Effective Text Communication During a Campus Crisis

Open Access
Anderson, Lauren C
Graduate Program:
Information Sciences and Technology
Master of Science
Document Type:
Master Thesis
Date of Defense:
March 01, 2017
Committee Members:
  • Edward J. Glantz, Thesis Advisor
  • Peter K. Forster, Committee Member
  • Andrea H. Tapia, Committee Member
  • crisis
  • text
  • crisis communication
  • emergency
  • campus
  • social media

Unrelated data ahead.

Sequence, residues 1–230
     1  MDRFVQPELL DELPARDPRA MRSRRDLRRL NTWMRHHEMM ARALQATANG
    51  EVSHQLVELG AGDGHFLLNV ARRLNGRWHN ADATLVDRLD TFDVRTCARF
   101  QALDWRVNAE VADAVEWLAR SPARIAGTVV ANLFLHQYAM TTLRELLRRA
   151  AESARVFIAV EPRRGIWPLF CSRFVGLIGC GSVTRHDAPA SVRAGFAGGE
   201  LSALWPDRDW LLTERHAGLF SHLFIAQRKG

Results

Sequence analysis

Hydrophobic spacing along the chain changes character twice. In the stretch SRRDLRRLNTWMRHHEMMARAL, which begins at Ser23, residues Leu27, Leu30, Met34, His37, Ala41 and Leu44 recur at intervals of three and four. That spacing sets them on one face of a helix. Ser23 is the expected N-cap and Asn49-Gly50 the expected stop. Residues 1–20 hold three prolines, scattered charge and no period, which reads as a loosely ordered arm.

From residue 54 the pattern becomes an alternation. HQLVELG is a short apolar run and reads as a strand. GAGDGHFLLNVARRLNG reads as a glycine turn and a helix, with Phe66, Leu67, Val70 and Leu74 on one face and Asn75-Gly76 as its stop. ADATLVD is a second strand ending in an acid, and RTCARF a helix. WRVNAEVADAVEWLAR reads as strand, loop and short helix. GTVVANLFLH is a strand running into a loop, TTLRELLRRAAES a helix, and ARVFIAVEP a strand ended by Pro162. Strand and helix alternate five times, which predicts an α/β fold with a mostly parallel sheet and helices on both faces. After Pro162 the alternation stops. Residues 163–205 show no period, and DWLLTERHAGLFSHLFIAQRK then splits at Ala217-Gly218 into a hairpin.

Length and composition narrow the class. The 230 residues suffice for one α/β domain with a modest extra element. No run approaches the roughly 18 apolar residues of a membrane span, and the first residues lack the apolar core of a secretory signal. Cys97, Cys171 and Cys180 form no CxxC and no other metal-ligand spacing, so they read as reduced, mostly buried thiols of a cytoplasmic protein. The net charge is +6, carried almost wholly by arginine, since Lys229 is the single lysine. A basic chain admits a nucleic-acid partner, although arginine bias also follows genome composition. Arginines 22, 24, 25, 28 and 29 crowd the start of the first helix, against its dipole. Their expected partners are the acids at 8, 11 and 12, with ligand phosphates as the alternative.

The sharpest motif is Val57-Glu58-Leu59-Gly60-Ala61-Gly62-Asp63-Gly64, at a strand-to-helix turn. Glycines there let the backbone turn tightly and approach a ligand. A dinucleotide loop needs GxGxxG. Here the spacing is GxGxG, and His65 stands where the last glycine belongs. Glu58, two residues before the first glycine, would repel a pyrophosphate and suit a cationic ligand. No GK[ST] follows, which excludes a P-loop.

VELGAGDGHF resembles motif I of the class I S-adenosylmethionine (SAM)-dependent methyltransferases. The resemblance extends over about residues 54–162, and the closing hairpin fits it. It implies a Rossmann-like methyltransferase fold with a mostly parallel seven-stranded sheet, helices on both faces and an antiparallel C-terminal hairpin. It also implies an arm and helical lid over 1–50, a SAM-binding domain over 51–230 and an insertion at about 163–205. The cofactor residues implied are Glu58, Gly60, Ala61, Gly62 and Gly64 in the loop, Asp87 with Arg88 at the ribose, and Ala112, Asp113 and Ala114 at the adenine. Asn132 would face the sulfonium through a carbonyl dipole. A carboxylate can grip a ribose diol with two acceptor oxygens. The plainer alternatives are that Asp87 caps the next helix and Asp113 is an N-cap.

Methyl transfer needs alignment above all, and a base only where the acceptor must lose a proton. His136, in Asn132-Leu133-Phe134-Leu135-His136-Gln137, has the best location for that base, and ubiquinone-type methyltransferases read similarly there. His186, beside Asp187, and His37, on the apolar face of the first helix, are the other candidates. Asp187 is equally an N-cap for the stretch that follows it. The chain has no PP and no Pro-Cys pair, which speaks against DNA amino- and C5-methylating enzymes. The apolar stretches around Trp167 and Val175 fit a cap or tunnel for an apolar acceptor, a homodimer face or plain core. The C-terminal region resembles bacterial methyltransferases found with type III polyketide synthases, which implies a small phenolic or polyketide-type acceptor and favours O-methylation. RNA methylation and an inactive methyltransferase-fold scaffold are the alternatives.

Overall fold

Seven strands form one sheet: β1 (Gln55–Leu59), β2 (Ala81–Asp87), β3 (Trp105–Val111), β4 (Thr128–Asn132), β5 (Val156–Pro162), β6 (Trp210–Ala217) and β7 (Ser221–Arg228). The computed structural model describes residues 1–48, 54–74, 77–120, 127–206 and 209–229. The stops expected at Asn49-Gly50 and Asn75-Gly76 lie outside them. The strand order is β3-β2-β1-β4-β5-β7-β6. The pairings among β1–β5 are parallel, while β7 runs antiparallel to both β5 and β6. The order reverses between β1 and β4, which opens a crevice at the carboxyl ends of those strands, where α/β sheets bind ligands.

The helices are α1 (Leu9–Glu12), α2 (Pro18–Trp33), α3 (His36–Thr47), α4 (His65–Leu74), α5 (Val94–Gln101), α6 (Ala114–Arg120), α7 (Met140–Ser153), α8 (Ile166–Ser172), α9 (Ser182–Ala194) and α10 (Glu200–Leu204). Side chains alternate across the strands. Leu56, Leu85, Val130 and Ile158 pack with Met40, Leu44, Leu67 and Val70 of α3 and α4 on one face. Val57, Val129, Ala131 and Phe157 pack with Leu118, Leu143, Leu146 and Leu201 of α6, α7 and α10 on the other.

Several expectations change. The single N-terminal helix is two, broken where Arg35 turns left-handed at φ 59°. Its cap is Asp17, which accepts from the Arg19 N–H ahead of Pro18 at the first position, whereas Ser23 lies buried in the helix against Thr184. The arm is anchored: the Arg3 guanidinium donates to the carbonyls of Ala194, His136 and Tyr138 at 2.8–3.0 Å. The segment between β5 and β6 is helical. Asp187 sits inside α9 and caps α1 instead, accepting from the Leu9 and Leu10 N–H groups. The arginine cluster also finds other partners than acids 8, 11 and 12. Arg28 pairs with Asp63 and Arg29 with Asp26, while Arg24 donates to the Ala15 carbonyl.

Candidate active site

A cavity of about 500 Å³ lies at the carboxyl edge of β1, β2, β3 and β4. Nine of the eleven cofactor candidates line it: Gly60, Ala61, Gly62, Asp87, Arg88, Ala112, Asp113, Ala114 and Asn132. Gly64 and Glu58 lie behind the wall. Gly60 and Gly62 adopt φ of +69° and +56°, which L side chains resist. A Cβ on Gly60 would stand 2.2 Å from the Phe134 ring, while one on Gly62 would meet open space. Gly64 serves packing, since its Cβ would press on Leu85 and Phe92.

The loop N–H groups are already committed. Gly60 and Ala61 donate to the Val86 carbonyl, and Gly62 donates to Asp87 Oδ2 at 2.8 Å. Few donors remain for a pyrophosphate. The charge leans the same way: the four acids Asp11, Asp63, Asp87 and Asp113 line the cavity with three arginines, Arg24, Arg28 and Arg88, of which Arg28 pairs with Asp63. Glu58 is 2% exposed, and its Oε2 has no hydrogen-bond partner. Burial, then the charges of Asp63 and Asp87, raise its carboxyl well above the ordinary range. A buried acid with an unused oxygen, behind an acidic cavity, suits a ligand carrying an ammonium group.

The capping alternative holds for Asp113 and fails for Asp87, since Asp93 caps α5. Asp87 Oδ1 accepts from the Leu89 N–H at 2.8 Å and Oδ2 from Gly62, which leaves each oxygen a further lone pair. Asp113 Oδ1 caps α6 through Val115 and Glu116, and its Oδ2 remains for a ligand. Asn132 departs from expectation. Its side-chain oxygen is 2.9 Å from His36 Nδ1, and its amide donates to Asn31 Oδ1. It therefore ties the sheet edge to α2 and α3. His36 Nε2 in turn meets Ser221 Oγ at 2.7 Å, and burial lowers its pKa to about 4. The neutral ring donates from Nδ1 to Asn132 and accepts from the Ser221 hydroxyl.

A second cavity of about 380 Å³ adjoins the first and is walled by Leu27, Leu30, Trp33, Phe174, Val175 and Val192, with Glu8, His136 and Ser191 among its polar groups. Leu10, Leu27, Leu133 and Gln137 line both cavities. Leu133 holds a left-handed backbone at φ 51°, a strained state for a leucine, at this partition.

This research focuses on media, particularly text messages and social media, during campus crises in hopes to better understand and improve communication methods and validate information for emergency management (EM) departments. The focus of this research includes where campus students, faculty, and staff physically go to once an emergency text alert is sent across to the campus. An additional research question includes who whom people confirm information, or where and with whom do people validate the information in the emergency text notification. Through a review of previous research, it was found that a gap exists in measuring the effectiveness of emergency text alerts at university campuses during an emergency crisis. To further investigate this gap, data was collected using two methods: semi-structured interviews and a survey. The semi-structured interviews were used to gather information to help guide the development of the survey in regards to the needs of emergency management departments. The survey was distributed to students, faculty, and staff of The Pennsylvania State University. Findings indicate the kind of actions taken when receiving an emergency text alert during a campus crisis situation and what external resources are used to validate the alert information. Additionally, social media preferences were surveyed to help understand which social media outlets could help in emergency management. This research is important for understanding the effectiveness of current strategies for emergency management departments on a university campus. However, the research will be able to extend to many mass-gatherings in the world, like sporting or political events.